While walking back to my room after work this evening, I decided to call my cousin Fradreek David. Fradreek is an Assyrian Christian refugee from Iraq currently awaiting news of immigration to the US in Turkey. During our conversation he expressed his hope for the call that will inevitably change his life. I understood that feeling all too well and after our conversation, I reflected on a few such phone calls of my own.
In 1994, I was in the same position as my relative, though my time in limbo was spent in Jordan. I was a refugee, anxiously awaiting a phone call from my family in U.S. about our immigration paper for entrance America. This was especially difficult after the Iraq-Kuwait war in 1991. My cousin, Fradreek, on the other hand has already spent four years as a refugee in Syria, until he recently fled to Turkey due to the increased amount of violence toward Christian minorities. He has been in limbo in Turkey for about 8 months now. He is 34 years old, and because of war he has been on the run for most of his life. He left Iraq to go to Syria, and now he is living in Turkey praying and waiting for an opportunity to go to a country that will accept him so that he can finally start his life. Let this be a listen to those who are lucky enough to have been born and/or are living in America. Our difficulties are far less significant than those who spend a significant portion of their lives living in or fleeing from war torn countries.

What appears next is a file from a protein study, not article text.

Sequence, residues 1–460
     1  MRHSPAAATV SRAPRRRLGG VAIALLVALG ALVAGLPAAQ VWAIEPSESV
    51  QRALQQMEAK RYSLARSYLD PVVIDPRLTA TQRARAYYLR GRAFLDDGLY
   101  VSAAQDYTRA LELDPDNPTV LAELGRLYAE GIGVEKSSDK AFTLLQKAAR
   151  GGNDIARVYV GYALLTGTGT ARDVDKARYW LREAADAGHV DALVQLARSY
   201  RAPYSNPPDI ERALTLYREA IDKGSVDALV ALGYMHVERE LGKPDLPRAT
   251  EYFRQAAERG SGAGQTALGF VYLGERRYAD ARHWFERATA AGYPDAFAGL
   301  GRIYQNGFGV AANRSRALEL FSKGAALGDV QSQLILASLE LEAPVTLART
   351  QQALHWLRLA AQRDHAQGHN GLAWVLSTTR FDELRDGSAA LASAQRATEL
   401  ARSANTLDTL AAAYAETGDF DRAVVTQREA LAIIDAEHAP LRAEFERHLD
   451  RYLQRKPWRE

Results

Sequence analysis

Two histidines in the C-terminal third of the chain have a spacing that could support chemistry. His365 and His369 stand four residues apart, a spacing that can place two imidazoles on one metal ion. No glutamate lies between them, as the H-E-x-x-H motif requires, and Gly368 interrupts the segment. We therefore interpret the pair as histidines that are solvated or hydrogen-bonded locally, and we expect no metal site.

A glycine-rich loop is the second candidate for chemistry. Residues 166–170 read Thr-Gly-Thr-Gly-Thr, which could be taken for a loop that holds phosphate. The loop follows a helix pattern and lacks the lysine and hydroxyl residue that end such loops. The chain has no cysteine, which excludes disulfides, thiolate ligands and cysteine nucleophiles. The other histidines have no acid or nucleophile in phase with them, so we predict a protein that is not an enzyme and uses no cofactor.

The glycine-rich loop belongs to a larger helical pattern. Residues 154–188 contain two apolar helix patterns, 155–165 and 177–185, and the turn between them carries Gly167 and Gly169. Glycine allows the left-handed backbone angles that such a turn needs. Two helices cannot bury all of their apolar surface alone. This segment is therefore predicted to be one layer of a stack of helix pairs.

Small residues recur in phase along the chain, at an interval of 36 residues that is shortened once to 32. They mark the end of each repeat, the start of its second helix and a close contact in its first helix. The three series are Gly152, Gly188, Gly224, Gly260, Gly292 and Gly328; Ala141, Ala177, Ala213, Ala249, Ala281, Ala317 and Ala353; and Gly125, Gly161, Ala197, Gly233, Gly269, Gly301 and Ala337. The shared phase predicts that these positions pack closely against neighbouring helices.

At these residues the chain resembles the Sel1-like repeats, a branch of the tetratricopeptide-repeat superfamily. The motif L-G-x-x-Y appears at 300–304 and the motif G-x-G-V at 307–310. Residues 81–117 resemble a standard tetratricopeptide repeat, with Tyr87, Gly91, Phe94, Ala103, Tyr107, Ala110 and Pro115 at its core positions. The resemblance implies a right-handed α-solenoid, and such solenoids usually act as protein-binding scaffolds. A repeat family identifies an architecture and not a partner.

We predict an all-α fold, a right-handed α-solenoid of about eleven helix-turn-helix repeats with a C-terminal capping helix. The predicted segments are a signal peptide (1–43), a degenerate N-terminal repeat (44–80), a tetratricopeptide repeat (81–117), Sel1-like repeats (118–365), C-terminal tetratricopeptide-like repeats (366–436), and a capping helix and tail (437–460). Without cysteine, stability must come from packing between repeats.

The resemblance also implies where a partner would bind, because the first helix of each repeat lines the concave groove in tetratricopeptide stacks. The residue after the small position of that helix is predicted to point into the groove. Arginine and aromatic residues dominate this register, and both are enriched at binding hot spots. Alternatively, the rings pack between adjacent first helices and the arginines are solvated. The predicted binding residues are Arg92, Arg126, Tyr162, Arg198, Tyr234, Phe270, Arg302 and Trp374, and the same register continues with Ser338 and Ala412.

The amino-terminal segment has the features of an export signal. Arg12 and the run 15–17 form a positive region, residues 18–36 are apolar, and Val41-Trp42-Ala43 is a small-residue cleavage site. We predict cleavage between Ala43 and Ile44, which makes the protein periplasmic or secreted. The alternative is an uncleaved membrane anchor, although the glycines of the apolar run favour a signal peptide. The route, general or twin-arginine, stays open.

As for the phone call, Freadreek is anxiously awaiting news from the United Nations granting him permission for an interview to go to America. This phone call may be what makes or breaks the possibility of a future for him; it will change his life…
There are only few calls like this in a person’s lifetime. These phone calls bring with them an intangible amount of positive feelings and emotions. These are the type of phone calls that make someone stay awake all night out of sheer happiness. These phone calls drop people to their knees lifting their heads up and giving thanks to heavens. These are the phone calls whose dates are invariably etched into your mind forever.
Tim Ferris, for example, received his phone call on May 2, 2007 about 5 PM in New York City from his editor Heather when she broke the news to him that: he hit the list! The New York Times Best Seller List, with his book “The 4-Hour workweek.”
Another such phone call from came from Tony Hsieh to Alfred Lin one afternoon, where Tony decided to invest and be more involved to save Zappos.com ultimately turning it into the enterprise we know today.
Or this epic victory call
I remember a few phone calls like these; I can’t forget them because they changed my life. These are the phone calls that change the plane we live on. The first such phone call I received was during my time in Jordan; it came in the middle of the night, it must have been nearly 1:30am, in 1994. I was informed that my immigration paper finished and I could now move to America. My second call was on Monday, December 5, 2011 around 7:30Am; I was on my way to work in downtown Chicago, the call was to inform me that I had been hired to go to work with US State Department Embassy in Baghdad. These live changing calls only happen a few times in life, I’ve just shared mine… What are yours?